We know the use of the drug ice, is an issue. Often the link between mental health and ice use is often overlooked due to stigma. I spoke with a recovering ice addict about his abuse of the drug, fuelled by his struggle with mental illness.
I spoke with Dr Cornellisse, my own GP, about this topic and he explained that it is very common for people struggling with anxiety and depression to reach for the drug to manage their moods. “The drug acts as an anti-depressant. It releases a rush of dopamine giving the user a feeling of well being. The issue is the drug depletes dopamine storage leading to the ‘crash’ once the drug wears off. This also stops any medication a user may be on such as anti-depressants unable to do their job”. My source wishes for his identity to remain anonymous, so will be referred to as Pete throughout the article.
Pete had dabbled in recreational drugs throughout his adult life, including ice. Ice use wasn’t frequent and used on occasion along with other party drugs.
It wasn’t until a traumatic event and a relationship breakdown that Pete’s mental state began to deteriorate. His state of depression and anxiety became debilitating. He was unable to leave home due to his anxiety, often staying in bed for days without showering. His will to live began to decrease along with his inner strength. Pete became suicidal.
He describes waking up each morning and crying at the fact he had to live through another day. Isolating himself from everyone and everything; a suicidal perfect storm began to form.
Pete met a person in his building that was an ice dealer. Upon meeting this neighbour, he was given a few tokes of the glass pipe and that’s all it took.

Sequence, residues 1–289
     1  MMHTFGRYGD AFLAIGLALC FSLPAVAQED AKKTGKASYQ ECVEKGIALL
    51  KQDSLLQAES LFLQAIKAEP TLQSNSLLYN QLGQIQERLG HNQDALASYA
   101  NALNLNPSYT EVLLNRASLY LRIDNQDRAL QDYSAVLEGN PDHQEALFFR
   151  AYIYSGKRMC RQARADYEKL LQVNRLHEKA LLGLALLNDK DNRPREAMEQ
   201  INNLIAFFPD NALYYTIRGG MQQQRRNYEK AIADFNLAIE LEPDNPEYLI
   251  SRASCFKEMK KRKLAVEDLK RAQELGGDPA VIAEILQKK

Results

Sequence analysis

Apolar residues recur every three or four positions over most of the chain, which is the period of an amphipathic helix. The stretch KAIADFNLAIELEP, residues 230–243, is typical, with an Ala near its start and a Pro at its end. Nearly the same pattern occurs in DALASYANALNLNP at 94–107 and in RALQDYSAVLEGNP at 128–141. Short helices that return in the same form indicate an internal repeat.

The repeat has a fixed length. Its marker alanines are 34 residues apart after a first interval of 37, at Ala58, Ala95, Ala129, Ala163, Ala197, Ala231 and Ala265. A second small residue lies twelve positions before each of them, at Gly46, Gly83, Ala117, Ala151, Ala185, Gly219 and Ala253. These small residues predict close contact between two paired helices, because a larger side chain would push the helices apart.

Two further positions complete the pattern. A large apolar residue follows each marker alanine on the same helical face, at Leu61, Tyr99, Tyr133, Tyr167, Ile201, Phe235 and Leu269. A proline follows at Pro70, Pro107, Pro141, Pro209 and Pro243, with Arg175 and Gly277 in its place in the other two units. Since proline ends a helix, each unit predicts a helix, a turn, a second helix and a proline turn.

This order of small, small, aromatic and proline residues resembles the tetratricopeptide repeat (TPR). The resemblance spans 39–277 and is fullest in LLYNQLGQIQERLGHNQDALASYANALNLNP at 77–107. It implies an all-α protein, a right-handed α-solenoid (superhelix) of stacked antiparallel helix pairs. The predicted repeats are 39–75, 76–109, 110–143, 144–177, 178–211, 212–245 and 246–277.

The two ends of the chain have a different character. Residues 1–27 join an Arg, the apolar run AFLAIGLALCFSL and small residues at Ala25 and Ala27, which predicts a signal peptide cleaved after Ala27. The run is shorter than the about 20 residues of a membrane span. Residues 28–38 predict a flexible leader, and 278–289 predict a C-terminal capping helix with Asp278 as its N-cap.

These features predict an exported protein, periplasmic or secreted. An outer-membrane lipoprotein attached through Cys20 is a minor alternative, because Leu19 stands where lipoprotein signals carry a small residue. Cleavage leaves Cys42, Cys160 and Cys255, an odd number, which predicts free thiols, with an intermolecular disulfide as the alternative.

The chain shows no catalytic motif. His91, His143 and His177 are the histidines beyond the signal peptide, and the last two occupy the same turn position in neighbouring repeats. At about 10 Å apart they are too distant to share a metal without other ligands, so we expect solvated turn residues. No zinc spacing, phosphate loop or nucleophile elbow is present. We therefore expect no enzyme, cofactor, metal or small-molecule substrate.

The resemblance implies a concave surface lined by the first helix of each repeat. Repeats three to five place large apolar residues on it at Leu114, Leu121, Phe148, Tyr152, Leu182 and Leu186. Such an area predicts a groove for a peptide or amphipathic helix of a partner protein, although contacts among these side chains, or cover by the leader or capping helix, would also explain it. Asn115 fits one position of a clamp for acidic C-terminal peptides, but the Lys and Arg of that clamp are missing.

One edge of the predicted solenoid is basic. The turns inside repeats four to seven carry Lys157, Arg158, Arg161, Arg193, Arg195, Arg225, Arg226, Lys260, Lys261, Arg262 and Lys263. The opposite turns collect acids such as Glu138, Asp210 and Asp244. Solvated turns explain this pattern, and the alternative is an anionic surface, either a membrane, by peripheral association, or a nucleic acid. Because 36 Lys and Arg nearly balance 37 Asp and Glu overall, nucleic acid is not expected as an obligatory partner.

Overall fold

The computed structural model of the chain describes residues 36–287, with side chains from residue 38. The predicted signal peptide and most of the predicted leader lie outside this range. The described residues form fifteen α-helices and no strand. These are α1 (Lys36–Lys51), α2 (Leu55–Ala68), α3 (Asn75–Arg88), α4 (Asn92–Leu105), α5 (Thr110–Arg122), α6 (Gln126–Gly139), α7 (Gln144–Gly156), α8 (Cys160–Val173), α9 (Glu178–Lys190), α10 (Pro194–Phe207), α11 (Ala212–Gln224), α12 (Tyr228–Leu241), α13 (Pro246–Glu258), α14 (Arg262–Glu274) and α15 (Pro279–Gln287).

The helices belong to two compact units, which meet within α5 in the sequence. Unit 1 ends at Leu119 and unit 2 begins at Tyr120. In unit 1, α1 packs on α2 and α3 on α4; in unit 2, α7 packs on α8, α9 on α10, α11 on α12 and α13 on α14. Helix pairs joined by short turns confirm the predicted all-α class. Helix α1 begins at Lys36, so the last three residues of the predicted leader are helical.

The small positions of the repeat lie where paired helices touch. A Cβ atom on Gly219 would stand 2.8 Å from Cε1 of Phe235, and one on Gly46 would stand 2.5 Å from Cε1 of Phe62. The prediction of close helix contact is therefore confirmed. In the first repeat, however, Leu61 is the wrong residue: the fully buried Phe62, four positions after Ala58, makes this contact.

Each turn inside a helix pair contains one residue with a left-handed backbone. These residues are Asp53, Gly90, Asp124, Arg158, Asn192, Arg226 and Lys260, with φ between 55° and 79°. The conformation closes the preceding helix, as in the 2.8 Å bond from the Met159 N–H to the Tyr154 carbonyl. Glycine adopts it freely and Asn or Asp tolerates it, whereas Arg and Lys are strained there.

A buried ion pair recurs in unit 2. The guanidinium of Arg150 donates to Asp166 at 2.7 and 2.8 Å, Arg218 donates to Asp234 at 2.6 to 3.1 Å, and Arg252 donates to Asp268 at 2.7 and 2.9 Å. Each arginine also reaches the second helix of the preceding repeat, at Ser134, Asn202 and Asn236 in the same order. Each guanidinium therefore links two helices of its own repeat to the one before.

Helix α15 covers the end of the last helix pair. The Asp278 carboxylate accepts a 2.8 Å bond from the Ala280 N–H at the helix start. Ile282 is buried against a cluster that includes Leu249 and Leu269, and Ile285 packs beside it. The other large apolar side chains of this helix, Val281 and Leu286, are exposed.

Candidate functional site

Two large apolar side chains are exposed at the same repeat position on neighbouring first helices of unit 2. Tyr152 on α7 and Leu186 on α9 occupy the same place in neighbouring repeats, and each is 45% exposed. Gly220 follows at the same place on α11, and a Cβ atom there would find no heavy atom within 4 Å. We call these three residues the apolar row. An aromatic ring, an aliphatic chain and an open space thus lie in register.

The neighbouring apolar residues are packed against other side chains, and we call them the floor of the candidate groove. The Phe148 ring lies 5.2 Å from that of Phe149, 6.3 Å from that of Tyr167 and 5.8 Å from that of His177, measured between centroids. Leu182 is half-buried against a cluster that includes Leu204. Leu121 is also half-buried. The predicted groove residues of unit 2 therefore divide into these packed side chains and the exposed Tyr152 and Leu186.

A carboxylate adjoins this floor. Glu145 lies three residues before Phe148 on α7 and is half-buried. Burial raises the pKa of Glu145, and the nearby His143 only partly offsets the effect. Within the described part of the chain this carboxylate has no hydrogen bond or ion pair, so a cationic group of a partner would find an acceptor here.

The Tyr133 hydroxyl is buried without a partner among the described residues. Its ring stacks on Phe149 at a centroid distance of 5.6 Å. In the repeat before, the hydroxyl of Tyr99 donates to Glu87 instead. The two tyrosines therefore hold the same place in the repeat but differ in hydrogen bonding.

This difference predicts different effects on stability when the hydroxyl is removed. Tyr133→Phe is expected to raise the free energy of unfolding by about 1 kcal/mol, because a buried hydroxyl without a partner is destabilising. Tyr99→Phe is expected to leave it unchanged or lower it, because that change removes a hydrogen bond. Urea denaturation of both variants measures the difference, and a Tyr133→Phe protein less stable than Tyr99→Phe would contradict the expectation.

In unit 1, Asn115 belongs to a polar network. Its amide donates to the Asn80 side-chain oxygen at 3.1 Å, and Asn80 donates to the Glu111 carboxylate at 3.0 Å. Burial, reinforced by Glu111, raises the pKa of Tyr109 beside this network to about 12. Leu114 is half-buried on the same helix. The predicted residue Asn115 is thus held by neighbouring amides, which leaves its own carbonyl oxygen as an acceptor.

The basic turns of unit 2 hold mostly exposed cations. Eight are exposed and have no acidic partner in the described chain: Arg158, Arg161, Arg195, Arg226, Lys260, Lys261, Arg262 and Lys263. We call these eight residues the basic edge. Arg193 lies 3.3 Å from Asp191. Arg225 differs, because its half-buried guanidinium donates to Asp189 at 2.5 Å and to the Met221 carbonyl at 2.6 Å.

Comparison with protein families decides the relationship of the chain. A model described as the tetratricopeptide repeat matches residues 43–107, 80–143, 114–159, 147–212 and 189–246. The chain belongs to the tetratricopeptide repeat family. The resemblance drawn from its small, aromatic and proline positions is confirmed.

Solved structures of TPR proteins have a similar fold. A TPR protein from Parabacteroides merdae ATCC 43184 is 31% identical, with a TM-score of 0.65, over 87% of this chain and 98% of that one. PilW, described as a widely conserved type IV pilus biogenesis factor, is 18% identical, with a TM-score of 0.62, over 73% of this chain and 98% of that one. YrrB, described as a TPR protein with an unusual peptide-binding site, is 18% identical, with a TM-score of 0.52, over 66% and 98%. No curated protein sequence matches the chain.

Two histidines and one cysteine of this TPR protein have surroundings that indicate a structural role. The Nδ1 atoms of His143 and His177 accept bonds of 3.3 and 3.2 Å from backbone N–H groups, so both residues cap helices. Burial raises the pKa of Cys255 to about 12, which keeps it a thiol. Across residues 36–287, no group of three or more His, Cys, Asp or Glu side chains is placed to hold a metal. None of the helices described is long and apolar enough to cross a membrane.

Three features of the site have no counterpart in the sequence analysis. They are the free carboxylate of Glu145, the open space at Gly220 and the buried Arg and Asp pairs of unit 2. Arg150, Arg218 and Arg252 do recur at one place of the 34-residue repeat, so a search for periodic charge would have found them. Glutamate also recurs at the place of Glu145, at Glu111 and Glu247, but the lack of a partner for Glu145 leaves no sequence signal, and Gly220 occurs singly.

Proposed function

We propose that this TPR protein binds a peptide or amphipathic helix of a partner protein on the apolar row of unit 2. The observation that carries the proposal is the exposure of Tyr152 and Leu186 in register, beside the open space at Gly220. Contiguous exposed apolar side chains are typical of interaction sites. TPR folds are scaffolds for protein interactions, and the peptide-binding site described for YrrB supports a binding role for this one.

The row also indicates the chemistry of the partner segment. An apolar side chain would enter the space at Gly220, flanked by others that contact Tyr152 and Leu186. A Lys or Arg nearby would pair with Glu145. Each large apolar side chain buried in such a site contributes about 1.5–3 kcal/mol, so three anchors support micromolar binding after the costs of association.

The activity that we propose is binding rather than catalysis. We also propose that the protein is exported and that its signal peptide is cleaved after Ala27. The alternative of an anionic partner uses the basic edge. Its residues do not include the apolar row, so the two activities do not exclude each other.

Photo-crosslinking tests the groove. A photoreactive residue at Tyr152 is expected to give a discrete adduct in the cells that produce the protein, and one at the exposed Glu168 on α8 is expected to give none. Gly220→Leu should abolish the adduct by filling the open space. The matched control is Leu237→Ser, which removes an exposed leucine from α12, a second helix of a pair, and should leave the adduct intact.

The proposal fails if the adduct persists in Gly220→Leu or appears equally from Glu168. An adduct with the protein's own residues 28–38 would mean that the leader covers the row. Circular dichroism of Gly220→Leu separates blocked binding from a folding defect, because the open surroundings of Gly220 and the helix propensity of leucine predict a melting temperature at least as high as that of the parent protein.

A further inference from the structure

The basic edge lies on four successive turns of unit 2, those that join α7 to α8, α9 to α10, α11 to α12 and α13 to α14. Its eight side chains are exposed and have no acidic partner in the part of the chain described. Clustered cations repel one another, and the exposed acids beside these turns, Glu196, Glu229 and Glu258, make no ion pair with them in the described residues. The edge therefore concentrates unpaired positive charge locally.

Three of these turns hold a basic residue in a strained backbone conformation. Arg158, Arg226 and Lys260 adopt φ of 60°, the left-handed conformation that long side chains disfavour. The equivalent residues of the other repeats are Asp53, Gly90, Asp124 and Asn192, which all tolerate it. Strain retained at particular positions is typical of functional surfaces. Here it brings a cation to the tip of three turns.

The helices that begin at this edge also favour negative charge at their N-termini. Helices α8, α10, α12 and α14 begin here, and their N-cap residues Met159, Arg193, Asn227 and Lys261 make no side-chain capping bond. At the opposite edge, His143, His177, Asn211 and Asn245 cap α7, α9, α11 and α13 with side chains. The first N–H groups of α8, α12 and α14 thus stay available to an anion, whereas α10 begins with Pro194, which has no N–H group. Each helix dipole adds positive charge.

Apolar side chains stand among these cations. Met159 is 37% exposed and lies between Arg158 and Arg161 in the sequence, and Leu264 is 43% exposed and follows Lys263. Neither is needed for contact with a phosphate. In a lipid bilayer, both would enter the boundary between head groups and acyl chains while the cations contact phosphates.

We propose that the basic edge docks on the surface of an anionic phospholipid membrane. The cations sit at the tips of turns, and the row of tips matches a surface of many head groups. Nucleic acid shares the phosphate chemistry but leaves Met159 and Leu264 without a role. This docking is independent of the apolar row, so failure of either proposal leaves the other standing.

Immediately, his feelings of anxiety, worry, pain and social fear disappeared.
Pete began using ice daily. He had easy access to it and he had taken leave off work for many weeks. Pete wasn’t partying, he was living again. He was carrying on about his day. Running errands, doing normal day-to-day things. This is what ice allowed him to do. “I wasn’t using it recreationally” Pete says “I was self medicating so I could have some form of a life”.
Pete recognised what he was doing was harmful and would try and go a few days without using the drug. What would follow would be a huge crash that would last for days. After being awake for days, his body would be in a fatigued state, and his depression and anxiety would be back, if not amplified. It would be as if Pete had disappeared for a few days as he would ignore all messages and phone calls from his friends. Inevitably this all led back to the glass pipe. Like magic, Pete was back in action and able to function as how he believed a normal person would.
Pete eventually sought professional help for his mental health and stopped smoking ice. “I’m eating properly, sleeping properly, seeing a psychiatrist and am on medication that help manage my mental health,” says Peter. “I feel like a new person however I can understand the urge for anyone with depression to reach for Ice. It’s a survival mechanism”.
Image source: http://www.heraldsun.com.au